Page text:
The idea of speed-reading is useless to me in my “old age.” I think that’s why I cringe when I hear of a popular app like ReadQuick, which is built for the purpose of teaching us to read faster. If history shows us anything, it’s that speed and quality are almost always mutually exclusive. When multi-tasking is a prized activity and there’s always more and more to accomplish on any given day, sacrificing our engagement with the written word is something that could carry very drastic and long-reaching consequences.

Perhaps I should take comfort in the fact that trends tend to be cyclical. Maybe slowing down will one day once again by all the rage.

Not-So Private Eyes

Last week I was having one of those random conversations with a colleague that occur when you both need to take a break from doing whatever task it is that you’re attempting to accomplish. Specifically, we were talking about Google Glass, because only days before I had experienced my second encounter with Google Glass “in the wild.” My experience had been during a professional networking dinner. During this dinner, I had been disabused of the notion that Glass requires a verbal command from it’s user to do things like record video or take photos. I had learned that, with a few taps on a connected tablet, images and video could be taken with no one else in the room any the wiser.

I still suffer a bit of a creep factor when thinking about Glass.

This led to a discussion of how often we are recorded each day. Which led to talking about the absence of the expectation of privacy in a public place, which is how traffic cameras and the like are both legally and ethically justified. Glass is different, though, because being with someone who is wearing it degrades our expectation of privacy in private spaces, something to which we have previously been entitled.

My colleague thinks that recording everything has positive implications, because video records are the ultimate historian. The camera, in theory, doesn’t lie (although it’s amazing what can happen to the truth with a few edits).  His perspective is that history would be preserved more accurately if everything were recorded at all times.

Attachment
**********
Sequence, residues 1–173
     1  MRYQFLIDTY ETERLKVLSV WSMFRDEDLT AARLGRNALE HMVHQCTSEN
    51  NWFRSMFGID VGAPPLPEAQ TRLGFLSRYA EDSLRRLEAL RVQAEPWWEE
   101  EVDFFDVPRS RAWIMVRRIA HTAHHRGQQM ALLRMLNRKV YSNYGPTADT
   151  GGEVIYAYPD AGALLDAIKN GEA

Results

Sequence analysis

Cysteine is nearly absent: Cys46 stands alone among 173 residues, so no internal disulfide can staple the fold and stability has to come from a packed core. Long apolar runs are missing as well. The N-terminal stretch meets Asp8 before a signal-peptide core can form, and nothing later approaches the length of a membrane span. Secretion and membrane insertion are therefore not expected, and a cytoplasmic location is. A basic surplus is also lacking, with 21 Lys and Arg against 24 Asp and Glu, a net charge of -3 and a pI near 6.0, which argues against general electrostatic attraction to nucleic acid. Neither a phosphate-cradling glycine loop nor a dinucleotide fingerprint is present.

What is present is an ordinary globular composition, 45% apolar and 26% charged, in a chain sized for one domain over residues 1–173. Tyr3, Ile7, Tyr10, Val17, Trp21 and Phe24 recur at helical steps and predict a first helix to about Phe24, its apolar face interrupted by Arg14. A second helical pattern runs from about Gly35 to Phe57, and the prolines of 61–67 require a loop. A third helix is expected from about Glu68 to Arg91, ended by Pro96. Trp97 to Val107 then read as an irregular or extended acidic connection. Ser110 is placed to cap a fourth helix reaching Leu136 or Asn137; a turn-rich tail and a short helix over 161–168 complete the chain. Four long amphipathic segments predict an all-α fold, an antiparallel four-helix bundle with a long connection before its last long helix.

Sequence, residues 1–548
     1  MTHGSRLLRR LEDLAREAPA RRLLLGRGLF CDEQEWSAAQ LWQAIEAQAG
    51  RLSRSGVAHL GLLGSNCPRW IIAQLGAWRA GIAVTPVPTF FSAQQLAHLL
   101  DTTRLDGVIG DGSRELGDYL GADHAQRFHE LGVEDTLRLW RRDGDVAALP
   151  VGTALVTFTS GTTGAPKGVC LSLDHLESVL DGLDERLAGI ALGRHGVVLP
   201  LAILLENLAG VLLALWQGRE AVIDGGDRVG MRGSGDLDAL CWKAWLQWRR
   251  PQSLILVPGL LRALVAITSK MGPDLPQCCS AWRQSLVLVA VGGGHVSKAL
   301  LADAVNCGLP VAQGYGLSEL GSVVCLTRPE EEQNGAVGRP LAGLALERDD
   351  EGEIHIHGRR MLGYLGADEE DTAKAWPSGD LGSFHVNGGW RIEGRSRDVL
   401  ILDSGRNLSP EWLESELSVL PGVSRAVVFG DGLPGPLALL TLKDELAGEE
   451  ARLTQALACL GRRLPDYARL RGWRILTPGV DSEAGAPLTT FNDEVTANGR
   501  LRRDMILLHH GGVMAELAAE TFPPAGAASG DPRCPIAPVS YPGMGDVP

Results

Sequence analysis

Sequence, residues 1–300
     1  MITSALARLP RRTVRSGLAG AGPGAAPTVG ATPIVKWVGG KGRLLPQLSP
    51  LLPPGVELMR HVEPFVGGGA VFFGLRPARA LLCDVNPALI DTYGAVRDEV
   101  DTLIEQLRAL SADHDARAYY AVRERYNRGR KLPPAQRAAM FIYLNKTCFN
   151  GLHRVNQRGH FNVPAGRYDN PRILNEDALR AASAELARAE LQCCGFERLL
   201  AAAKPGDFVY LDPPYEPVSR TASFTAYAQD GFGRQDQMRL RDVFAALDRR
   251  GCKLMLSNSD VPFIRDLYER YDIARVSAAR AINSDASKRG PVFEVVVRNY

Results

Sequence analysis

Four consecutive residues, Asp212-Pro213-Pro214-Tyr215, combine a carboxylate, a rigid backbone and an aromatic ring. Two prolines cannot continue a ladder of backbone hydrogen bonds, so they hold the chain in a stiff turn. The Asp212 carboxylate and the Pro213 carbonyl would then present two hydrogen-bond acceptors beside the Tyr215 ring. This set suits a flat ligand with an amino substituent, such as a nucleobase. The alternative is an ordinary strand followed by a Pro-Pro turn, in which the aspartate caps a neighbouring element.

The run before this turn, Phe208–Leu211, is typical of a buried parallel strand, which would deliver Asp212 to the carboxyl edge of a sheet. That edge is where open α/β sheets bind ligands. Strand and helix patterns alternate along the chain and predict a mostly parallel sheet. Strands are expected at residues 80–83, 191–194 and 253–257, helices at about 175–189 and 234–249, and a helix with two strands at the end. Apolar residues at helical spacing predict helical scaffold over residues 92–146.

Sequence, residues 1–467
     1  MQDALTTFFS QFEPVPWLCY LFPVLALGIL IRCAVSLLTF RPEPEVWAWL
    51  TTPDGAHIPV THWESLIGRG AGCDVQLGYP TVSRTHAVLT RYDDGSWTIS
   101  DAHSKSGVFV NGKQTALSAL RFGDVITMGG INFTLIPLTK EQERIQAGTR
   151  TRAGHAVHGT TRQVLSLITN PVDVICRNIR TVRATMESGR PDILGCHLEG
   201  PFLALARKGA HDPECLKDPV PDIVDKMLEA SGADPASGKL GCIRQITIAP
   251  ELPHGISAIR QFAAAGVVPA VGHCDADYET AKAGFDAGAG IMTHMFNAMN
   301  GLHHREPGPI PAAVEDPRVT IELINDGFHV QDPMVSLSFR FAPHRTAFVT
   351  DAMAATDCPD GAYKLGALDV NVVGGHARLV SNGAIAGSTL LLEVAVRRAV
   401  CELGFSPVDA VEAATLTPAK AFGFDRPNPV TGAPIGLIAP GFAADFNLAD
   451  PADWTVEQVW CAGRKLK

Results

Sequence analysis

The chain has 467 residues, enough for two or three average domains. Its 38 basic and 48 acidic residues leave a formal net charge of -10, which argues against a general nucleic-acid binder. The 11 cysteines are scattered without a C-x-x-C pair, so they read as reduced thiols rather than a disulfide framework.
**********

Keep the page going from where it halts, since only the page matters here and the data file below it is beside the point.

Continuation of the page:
Well, theoretically, its difficult to disagree with him there, although one would have to wonder how history would account for the negative space (you could watch someone do something, but perhaps never piece together why they had done what they did).

Stepping beyond the theory into the realm of the pragmatic, however, I think that there’s another issue at play. John Twelve Hawks toys with the idea in his novel, The Traveler, the idea of the panopticon. In society, just as in Bentham’s prison, people will always behave as though they’re being watched if they believe that they are, or could be, watched at any given time.

My concern is that we are already languishing in a culture that is driven by appearance, eschews depth whenever possible, and brands and markets everything, including people.  With that level of shallowness already in place, what are the implications of feeling as though we are watched all the time? What would be our reaction? Could we ever be (to use an over-used expression) authentic with anyone again? The potential social damage of Glass goes beyond even more immersion in data from an augmented reality technology. It threatens to bring a decline to what are already tenuous human relationships that occur only on the periphery of our screens.